Guest Editorial: Protecting the Family Farm

by Matthew J. Lohr, Commissioner, Virginia Dept. of Agriculture and Consumer Services


Matthew Lohr

It’s a common issue in Virginia and just about every other state: what to do to protect your farm from development or any other situation that would take it out of production. Sometimes this occurs because a farmer gets an offer he or she simply can’t refuse. Certainly no one would deny any farmer the right to make a nice profit, especially if it’s just before retirement. (Not that farmers ever really retire.)

All too often, however, the life-changing event comes from a transition issue, not a monetary offer. What does a farmer do when the kids are grown and settled nicely into non-farm life, especially if the “kids” currently running the farm are 65 or 70 years old and the farm owner is 90-plus?

Here in Virginia, agriculture is the very heart of our economy and has been for 400-plus years. It remains our largest industry — by far — and few would argue that well-managed farm- and forestlands produce significant environmental benefits, require little or no public services and make significant contributions to local economies, tourism, recreation, and our quality of life.

Even fewer people would dispute the fact that it is difficult to keep working farmland in production. The most recent information from the National Resources Inventory (NRI) indicates that, between 2002 and 2007, Virginia lost 60,800 acres of agricultural land directly to developed uses. Separate data from the Census of Agriculture indicate that more than 520,000 acres of land were no longer considered as working farms during that same 2002-2007 period. Because rural landowners have much of their equity tied up in their land, they generally have to choose between selling their land for as much as possible, or holding onto the land for agricultural uses without the benefit of income from a farm sale.

The good news, though, is that a third alternative is available: conservation easements.  

A conservation easement is a voluntary perpetual agreement that restricts non-agricultural uses such as mining and large-scale residential and commercial development. The landowner continues to own, live on and use the land. Land under easement may be sold or passed on to heirs but is bound by the easement restrictions. As an added bonus, there are generous state tax credits and federal tax deductions available for landowners who make these easement donations.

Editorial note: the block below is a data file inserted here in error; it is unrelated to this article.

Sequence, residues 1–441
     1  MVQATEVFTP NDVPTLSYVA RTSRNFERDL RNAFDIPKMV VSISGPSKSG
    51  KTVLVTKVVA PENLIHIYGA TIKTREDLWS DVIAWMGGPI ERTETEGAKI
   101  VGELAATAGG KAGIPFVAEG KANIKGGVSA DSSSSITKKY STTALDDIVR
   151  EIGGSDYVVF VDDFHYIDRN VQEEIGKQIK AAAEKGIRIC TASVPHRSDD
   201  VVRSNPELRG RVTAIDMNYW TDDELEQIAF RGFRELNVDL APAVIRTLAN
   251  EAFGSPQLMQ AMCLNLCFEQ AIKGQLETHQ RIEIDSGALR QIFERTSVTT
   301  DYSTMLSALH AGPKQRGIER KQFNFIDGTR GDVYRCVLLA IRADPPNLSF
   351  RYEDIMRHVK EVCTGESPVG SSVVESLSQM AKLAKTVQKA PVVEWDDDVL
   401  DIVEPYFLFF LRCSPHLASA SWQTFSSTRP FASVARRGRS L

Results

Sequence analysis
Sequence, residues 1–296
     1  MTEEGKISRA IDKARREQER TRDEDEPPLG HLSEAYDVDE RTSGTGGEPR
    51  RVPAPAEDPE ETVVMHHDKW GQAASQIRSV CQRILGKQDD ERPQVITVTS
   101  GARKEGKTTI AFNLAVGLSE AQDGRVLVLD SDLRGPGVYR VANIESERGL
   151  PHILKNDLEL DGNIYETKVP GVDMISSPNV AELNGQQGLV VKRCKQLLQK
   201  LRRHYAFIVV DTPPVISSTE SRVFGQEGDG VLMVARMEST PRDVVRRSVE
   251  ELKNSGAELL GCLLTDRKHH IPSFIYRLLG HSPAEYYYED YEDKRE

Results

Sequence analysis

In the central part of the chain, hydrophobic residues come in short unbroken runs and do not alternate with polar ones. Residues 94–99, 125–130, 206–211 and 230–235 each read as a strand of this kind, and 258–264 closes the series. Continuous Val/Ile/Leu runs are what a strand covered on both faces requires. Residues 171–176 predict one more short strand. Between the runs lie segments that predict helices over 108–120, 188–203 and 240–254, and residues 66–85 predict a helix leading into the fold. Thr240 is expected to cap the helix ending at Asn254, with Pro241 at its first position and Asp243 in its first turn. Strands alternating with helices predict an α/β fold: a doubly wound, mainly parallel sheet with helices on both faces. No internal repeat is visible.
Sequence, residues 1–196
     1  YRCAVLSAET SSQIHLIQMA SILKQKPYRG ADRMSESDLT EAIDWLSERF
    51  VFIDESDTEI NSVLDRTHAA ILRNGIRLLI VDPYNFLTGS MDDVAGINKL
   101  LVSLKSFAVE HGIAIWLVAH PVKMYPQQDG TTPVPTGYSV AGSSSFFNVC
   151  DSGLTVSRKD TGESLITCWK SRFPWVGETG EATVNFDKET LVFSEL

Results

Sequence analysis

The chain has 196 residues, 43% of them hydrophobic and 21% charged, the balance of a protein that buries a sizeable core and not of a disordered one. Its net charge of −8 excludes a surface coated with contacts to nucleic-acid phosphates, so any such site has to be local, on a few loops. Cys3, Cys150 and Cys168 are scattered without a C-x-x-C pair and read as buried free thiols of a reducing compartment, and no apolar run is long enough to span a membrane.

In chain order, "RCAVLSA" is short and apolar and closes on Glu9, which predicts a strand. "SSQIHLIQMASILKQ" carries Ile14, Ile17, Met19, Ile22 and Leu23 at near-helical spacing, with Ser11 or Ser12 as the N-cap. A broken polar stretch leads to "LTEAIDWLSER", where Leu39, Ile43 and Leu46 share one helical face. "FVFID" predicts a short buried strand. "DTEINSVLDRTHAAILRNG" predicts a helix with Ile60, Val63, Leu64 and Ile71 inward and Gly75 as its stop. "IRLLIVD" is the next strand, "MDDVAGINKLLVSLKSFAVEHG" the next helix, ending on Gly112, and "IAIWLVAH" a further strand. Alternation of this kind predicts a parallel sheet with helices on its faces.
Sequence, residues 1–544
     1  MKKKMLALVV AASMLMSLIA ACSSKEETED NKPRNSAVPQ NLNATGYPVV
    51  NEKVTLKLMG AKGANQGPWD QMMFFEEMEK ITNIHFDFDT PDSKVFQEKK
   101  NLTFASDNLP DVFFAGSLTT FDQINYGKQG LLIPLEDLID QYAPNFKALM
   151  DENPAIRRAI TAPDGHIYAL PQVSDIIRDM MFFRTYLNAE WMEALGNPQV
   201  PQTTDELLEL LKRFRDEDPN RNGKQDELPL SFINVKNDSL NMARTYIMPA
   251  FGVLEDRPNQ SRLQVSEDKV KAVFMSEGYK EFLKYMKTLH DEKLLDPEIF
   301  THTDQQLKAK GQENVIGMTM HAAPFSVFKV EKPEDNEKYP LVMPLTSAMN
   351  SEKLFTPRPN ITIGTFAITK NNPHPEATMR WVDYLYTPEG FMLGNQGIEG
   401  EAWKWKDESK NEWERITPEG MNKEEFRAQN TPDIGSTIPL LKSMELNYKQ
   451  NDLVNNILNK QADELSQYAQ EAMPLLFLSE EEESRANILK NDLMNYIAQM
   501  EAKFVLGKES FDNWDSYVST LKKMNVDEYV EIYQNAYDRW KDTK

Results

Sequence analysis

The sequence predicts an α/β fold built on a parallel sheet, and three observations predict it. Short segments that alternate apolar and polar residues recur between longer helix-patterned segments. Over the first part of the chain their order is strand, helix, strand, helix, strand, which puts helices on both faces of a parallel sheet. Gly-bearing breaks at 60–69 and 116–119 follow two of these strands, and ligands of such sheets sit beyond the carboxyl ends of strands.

As Virginia commissioner of agriculture, I became involved more than two years ago in a project designed to increase the amount of working farm- and forestland permanently protected from development. While recent data from the Virginia Department of Conservation and Recreation indicate that 66 percent of the 75,025 acres that received land-preservation tax credits in 2011 was in production agriculture or active forestry, I felt that additional work was needed. So we pulled together a diverse group of agricultural and conservation representatives to work with the Virginia Outdoors Foundation (VOF), the largest conservation easement holder in Virginia.

Our goals were simple: to develop a conservation easement tailored to working farms to increase the number of landowners who take advantage of conservation easements and the tax benefits that may result. Because of this collaborative effort, VOF now offers a new working lands variant to its existing conservation easement. This provides a wider range of allowable uses without approval on a given farm; gives farmers more leeway in building new farm structures; and still maintains its core function of keeping the farm free from development.

Considering whether a conservation easement is right for your family and your farm is a big decision. It is something my family and I are considering right now for our farm in Rockingham County. I do understand that a conservation easement is not always the best option for everyone, but regardless of how this decision plays out for my family, I feel strongly that the donation of a conservation easement warrants serious consideration by other working farm and forest landowners in Virginia. If we can help farm owners make that decision, we are ready and eager to do so.

I strongly encourage Virginia farm owners interested in permanently protecting their land to contact our Office of Farmland Preservation (OFP). Our OFP coordinator, Kevin Schmidt, is available to answer questions and to provide additional information. You may call him at (804) 786-1346, or email him at kevin.schmidt@vdacs.virginia.gov.


Matt Lohr serves as Virginia’s 14th Commissioner of Agriculture and Consumer Services, appointed by Gov. Bob McDonnell on May 1, 2010. He and his family operate Valley Pike Farm, a 250-acre commercial poultry, beef, crops, and agri-tourism operation served by Shenandoah Valley Electric Cooperative.





Home ] Up ] Caught in the Web ] Cover Story ] Dining with Dan ] [ Editorial ] Happenings ] Reader Recipes ] Rural Living ] Say Cheese ] Stories From The Road ]